Pakistan in crisis ahead of FIH Champions Trophy
With the FIH Champions Trophy a little more than two weeks away, the Pakistani hockey players are headed for a showdown with their national federation (PHF) over its failure to award them new contracts and non-payment of dues.
Karachi: With the FIH Champions Trophy a little more than two weeks away, the Pakistani hockey players are headed for a showdown with their national federation (PHF) over its failure to award them new contracts and non-payment of dues.
A senior player said the final straw came today when they were informed that due to the financial crisis, the national team might have to travel by a bus from Lahore to Amritsar via Wagah border for the Champions Trophy, to be held in Bhubaneswar, as the PHF couldn't afford the air fares and other expenses.
"The players have decided enough is enough and we will only go to India for the Champions Trophy on December 3 by air," the player told PTI.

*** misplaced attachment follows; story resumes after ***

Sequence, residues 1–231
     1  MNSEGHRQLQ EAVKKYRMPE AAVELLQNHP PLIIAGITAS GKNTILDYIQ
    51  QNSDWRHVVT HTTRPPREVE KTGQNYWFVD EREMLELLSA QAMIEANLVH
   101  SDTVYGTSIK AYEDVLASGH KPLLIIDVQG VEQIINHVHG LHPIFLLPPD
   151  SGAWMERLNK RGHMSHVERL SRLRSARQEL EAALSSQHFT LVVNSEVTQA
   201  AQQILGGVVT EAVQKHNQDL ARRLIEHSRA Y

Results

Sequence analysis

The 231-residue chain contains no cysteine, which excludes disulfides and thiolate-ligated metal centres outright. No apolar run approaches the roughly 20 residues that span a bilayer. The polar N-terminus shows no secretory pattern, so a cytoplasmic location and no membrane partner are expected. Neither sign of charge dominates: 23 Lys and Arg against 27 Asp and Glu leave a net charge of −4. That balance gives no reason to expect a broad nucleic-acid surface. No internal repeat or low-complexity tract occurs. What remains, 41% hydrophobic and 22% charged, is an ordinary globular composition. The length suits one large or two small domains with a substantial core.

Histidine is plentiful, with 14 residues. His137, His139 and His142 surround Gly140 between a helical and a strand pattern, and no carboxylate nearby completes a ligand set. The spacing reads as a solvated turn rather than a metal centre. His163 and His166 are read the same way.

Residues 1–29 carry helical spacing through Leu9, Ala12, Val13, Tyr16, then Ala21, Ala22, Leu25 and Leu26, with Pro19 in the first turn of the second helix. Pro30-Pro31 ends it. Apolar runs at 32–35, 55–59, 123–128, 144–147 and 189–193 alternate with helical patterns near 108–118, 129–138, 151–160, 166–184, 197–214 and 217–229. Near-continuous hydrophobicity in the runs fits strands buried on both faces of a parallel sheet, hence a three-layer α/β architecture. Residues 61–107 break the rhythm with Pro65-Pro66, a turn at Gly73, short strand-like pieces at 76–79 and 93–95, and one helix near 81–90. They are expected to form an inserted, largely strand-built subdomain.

He said the players were holding meetings to decide future course of action but they will start wearing black arm bands in the ongoing training camp for the Champions Trophy to convey their feelings to the PHF and government via the media.
The crisis crept up after a reception for the team by Prime Minister Nawaz Sharif was cancelled at the last moment.
The Prime Minister was due to host a reception for the recent Incheon Asian Games silver medallist and it was expected he would announce a special grant for hockey, which is presently going through its worst financial crisis.
"It is very disappointing that after being told the Prime Minister was going to meet us in Islamabad we learn nothing is happening," another player said.
The PM is the chief patron of the PHF and hockey remains Pakistan's national game.
Pakistan captain Muhammad Imran said the cancellation or postponement of the PM's reception was a big blow to the players as they were hopeful of a positive outcome from the meeting.
"We wanted to tell the Prime Minister that he needs to save this sport from obliteration in Pakistan as it is dying," he said.